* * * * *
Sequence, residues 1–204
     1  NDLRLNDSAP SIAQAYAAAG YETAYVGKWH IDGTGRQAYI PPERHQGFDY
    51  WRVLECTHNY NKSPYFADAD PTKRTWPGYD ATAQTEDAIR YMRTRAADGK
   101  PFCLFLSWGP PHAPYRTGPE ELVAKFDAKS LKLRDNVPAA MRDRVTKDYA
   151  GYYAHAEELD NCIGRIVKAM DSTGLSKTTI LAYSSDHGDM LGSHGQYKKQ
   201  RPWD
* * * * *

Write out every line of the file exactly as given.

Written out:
Sequence, residues 1–204
     1  NDLRLNDSAP SIAQAYAAAG YETAYVGKWH IDGTGRQAYI PPERHQGFDY
    51  WRVLECTHNY NKSPYFADAD PTKRTWPGYD ATAQTEDAIR YMRTRAADGK
   101  PFCLFLSWGP PHAPYRTGPE ELVAKFDAKS LKLRDNVPAA MRDRVTKDYA
   151  GYYAHAEELD NCIGRIVKAM DSTGLSKTTI LAYSSDHGDM LGSHGQYKKQ
   201  RPWD